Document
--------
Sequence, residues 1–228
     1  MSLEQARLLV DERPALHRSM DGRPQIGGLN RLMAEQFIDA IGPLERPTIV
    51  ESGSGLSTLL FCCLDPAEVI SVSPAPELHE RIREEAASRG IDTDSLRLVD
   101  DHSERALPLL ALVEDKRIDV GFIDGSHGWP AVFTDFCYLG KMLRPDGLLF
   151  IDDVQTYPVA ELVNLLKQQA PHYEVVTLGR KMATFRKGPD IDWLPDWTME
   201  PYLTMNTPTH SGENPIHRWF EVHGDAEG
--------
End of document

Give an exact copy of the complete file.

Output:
Sequence, residues 1–228
     1  MSLEQARLLV DERPALHRSM DGRPQIGGLN RLMAEQFIDA IGPLERPTIV
    51  ESGSGLSTLL FCCLDPAEVI SVSPAPELHE RIREEAASRG IDTDSLRLVD
   101  DHSERALPLL ALVEDKRIDV GFIDGSHGWP AVFTDFCYLG KMLRPDGLLF
   151  IDDVQTYPVA ELVNLLKQQA PHYEVVTLGR KMATFRKGPD IDWLPDWTME
   201  PYLTMNTPTH SGENPIHRWF EVHGDAEG